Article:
Ramin Bahrani on outsiders and Iran

SGlobal stories have made Ramin Bahrani one of America’s most important new directors. Each of his films, whether “Goodbye Solo” or “99 Homes”, has received awards at international festivals. Now the 45-year-old has adapted the successful novel “The White Tiger”. The film just started on Netflix.

Mr. Bahrani, you are an Iranian American. Does the culture of your immigrant parents still affect your work?

Yes, fundamentally. I was born and raised in North Carolina, studied in New York and still live there now. But I spent three years of my adult life in Iran. The fact that I can see the world through two different pairs of eyes has shaped my identity immensely, and later my work too. Iranian cinema has impressed me since I was a teenager. For me it all belongs together – all these influences made me who I am now.

You were socialized in America. How did you decide to live in your parents’ country for a long time?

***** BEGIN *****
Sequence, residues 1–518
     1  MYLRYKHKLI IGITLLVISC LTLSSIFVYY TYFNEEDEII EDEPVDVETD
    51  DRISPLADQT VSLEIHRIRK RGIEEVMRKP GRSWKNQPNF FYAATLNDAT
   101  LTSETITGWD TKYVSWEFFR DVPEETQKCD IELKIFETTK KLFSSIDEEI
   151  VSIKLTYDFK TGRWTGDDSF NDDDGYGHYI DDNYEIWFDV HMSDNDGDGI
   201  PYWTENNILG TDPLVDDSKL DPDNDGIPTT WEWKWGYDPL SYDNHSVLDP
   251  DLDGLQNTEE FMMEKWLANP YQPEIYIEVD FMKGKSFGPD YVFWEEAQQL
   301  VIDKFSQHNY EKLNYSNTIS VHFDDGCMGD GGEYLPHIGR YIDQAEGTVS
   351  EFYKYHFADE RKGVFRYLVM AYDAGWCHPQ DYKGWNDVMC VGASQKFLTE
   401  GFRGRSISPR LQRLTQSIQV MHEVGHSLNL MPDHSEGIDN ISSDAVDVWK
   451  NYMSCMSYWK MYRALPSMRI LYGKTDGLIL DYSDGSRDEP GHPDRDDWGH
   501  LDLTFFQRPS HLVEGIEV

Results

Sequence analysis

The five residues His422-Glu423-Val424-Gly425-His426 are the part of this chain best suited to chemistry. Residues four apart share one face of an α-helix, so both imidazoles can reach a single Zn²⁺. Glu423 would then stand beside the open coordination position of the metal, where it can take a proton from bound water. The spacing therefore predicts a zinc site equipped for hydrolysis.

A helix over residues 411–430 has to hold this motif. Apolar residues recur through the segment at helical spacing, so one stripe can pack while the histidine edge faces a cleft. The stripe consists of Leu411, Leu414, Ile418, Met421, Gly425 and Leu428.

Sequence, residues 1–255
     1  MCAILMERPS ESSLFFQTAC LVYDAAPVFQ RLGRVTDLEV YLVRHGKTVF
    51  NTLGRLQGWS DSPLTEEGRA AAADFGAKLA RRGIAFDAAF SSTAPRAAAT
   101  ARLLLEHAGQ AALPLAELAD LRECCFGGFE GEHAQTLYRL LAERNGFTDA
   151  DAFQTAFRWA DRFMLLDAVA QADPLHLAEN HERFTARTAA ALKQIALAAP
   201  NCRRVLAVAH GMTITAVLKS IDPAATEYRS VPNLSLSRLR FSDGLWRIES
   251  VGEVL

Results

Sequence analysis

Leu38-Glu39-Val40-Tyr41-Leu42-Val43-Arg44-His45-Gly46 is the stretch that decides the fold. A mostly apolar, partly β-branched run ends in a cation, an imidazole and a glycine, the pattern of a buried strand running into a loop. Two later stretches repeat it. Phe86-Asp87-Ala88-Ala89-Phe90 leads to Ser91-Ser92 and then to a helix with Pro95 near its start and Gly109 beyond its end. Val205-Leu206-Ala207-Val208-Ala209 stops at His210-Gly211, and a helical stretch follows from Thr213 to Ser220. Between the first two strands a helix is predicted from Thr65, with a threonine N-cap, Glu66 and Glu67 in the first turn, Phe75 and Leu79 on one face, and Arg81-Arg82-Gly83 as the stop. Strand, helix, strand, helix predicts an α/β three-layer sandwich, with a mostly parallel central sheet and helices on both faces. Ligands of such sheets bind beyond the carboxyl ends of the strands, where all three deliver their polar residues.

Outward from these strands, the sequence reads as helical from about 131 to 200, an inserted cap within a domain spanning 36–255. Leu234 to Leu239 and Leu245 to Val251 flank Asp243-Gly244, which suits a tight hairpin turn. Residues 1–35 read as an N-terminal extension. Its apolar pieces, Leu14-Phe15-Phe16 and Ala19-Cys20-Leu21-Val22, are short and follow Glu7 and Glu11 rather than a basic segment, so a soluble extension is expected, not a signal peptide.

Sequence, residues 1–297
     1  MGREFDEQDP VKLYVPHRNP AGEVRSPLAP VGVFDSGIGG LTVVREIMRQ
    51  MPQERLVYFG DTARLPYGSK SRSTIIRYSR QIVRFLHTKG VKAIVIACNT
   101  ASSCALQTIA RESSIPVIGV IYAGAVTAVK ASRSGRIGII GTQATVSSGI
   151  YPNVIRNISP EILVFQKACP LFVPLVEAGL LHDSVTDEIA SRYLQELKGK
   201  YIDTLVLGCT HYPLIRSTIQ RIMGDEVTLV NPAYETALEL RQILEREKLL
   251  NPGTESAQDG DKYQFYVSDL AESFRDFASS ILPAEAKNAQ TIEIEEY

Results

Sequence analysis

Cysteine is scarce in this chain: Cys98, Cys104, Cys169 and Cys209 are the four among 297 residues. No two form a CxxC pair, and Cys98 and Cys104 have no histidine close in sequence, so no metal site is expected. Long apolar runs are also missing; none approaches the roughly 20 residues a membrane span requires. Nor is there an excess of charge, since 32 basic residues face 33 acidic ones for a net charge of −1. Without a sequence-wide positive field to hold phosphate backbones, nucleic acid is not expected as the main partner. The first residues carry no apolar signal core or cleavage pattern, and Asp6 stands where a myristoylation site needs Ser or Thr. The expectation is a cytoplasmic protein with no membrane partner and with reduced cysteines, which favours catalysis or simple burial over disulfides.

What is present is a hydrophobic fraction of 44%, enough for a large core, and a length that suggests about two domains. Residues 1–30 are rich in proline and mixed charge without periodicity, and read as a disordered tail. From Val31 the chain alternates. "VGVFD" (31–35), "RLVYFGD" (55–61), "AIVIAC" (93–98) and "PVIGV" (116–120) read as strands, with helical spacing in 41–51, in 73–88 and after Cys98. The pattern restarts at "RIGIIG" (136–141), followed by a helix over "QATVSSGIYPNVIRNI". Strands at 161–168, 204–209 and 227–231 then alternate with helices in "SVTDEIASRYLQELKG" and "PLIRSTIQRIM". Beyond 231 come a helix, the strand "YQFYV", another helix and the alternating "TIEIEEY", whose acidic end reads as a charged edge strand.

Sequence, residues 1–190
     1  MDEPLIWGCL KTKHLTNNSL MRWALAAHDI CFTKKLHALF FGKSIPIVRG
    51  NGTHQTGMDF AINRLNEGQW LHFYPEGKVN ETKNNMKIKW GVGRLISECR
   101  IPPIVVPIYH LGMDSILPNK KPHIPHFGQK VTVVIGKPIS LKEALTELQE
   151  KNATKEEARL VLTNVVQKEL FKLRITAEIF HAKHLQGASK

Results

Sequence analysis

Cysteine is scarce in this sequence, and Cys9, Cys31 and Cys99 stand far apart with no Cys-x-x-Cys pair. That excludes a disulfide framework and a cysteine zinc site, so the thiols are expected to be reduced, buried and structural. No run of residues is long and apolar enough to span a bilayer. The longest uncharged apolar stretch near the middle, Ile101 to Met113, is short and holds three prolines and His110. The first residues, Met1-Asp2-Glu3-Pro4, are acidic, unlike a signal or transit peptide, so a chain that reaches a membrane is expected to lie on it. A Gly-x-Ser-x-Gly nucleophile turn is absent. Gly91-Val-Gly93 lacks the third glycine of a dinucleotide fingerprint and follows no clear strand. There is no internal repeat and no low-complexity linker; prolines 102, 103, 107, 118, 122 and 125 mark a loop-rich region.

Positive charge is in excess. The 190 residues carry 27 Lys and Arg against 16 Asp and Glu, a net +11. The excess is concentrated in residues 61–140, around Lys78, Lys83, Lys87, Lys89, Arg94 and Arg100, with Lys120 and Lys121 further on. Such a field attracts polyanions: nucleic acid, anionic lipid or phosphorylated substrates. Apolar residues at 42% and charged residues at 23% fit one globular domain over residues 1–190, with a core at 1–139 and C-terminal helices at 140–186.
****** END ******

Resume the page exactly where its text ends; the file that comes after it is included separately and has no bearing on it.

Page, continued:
When I was in my early twenties, I wanted to travel to Iran for a few weeks, for the first time ever, with my parents, who had not been there for 25 years. After six weeks they flew back to the United States, while I decided to stay a little longer. That turned into three years.

What drew you to Iran, a home that is foreign to you?

I wanted to find out more about myself, wanted to know what had shaped my parents and where everything came from that they had given me, whether language, values, literature or fairy tales, all the stories of my childhood. It was time to grapple with my family’s past and develop a deeper relationship to my cultural substrate. I wanted to know what connects me to Iran and what culture feeds my films.


The Iranian-American director Ramin Bahrani.
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Image: Getty

How did this search for identity end?

I have a clearer vision of who I am as an artist. I’ve always been good at looking where no one else is looking, into the abysses, the cracks and corners. I like to show people you don’t normally see in films – the lower class, the immigrants, the working class. You have already seen these people with me in “Man Push Cart” or “Chop Shop”, now everything leads to “The White Tiger”. I waited more than fifteen years to make this film.

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